The process of doling out Oscars is a lot more transparent in some than in others. While the core categories like Best Picture, and writing, directing and acting are all the subject of great speculation for months before the nominations are even announced, The Academy of Motion Picture Arts and Sciences is much more open about what specific films are in contention for some technical awards.
For instance, there is the Visual Effects Oscar, for which the Academy today announced that ten films are in the running. They include most of the options one might expect, from Hugo to Mission: Impossible to Rise of the Planet of the Apes. The full list is below. Read More »
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Posted on Wednesday, December 28th, 2011 by Angie Han
Maybe it’s just because I got a cat this year — the first living, breathing creature I’ve owned since I failed to keep a hamster alive circa 1995 — but I couldn’t help noticing that the films of 2011 featured some damn great animals. Some were the stars of their films, like Rango (Johnny Depp) in Rango, while others played second fiddle to less interesting, or at least less adorable, human stars, like Rosie (Tai) in Water for Elephants, but all deserve special mention in my book.
And yeah, okay, the fact that they also serve as a convenient excuse to post cute animal photos during a slow news week happens to a nice little bonus as well. Read on after the jump.
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Fox is already at work pulling together a film to follow Rupert Wyatt‘s Rise of the Planet of the Apes, which became a surprise audience and critical favorite this summer. Rick Jaffa and Amanda Silver, writers on Rise, are writing the next film, which Wyatt is currently slated to direct.
We don’t know any specifics about the sequel at this point, despite the fact that Wyatt has said a lot of things about where it could possibly go. But the screenwriters recently made one comment that fans of the film might find interesting. That’s below, and I suppose it’s worth noting that really talking about their comment requires some spoilers for Rise of the Planet of the Apes. Read More »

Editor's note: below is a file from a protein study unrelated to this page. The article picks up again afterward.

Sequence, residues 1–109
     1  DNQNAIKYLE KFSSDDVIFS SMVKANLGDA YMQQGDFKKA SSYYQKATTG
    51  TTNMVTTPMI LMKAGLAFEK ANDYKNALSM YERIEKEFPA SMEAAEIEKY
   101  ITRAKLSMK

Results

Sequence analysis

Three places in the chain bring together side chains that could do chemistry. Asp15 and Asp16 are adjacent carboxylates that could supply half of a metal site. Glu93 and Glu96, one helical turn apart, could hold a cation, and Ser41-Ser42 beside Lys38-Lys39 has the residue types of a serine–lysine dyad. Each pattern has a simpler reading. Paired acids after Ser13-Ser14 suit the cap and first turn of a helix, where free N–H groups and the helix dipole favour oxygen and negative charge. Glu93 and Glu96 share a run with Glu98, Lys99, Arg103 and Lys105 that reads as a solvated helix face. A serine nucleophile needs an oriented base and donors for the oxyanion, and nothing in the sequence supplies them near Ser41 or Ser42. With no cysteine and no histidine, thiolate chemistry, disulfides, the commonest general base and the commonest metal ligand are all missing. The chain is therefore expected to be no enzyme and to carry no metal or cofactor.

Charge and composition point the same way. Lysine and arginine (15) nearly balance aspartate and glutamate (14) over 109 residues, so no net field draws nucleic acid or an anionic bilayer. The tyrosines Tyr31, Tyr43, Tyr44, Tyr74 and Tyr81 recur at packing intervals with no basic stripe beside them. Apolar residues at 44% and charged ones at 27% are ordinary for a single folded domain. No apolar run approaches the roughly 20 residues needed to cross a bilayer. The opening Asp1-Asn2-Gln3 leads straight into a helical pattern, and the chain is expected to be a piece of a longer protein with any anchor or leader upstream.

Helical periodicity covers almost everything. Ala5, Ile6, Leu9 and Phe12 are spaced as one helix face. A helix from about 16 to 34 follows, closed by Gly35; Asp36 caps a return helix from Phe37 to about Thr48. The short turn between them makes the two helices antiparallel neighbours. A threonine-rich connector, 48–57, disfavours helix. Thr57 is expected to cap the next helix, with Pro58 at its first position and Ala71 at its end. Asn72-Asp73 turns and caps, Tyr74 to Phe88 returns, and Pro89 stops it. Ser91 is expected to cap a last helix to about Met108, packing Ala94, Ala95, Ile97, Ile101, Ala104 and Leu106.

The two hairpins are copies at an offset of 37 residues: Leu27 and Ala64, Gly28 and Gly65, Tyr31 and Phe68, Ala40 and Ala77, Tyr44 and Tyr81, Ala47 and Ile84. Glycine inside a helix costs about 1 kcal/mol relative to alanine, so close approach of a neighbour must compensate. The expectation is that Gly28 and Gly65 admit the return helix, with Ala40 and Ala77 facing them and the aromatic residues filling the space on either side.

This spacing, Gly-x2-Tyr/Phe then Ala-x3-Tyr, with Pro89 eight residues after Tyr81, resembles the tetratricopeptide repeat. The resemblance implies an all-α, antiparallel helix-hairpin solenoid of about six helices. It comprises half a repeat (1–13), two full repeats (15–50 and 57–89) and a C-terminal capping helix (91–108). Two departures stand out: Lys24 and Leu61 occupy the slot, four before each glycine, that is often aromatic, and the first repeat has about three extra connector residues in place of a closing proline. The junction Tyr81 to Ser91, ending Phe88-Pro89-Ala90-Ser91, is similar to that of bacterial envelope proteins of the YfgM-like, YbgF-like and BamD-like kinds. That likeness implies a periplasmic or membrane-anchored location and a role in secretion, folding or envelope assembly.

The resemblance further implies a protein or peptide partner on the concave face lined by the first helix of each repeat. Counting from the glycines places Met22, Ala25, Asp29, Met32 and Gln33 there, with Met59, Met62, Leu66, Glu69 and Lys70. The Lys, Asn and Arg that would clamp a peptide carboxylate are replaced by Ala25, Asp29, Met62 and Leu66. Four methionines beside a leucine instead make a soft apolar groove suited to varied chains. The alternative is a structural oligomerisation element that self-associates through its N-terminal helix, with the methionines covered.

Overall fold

There’s a lot of early talk about sequels going around this week, as the directors of current movies promote their new releases. After the break, we’ve got quotes on the following:
- Mark Neveldine says Crank 3 will happen,
- Rupert Wyatt talks about a Planet of the Apes sequel,
- Brad Bird has a couple more comments about The Incredibles 2,
- Guy Ritchie talks up a possible RocknRolla sequel,
- And Robert Downey Jr. and producer Joel Silver address a possible Sherlock Holmes 3.
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Oscar-campaigning is in full swing and one race many of us are keeping an eye on is Best Supporting Actor. The reason for the scrutiny on that particular category is that 20th Century Fox is pushing for a precedent setting performance capture nomination for Andy Serkis in Rise of the Planet of the Apes.
Serkis, who also worked with the technology in Lord of the Rings, King Kong and the upcoming The Adventures of Tintin and The Hobbit, is absolutely brilliant as Caesar, but you never see him on screen. Even so, the whole film hinges on his non-verbal performance. Building the film around him obviously worked, as Rise of the Planet of the Apes grossed almost $500 million world wide.